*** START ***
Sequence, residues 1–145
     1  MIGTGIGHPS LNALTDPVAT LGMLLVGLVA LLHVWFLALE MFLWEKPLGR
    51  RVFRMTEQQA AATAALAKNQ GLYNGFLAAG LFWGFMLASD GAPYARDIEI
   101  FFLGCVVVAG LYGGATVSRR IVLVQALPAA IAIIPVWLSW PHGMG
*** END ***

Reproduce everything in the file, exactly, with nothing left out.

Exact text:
Sequence, residues 1–145
     1  MIGTGIGHPS LNALTDPVAT LGMLLVGLVA LLHVWFLALE MFLWEKPLGR
    51  RVFRMTEQQA AATAALAKNQ GLYNGFLAAG LFWGFMLASD GAPYARDIEI
   101  FFLGCVVVAG LYGGATVSRR IVLVQALPAA IAIIPVWLSW PHGMG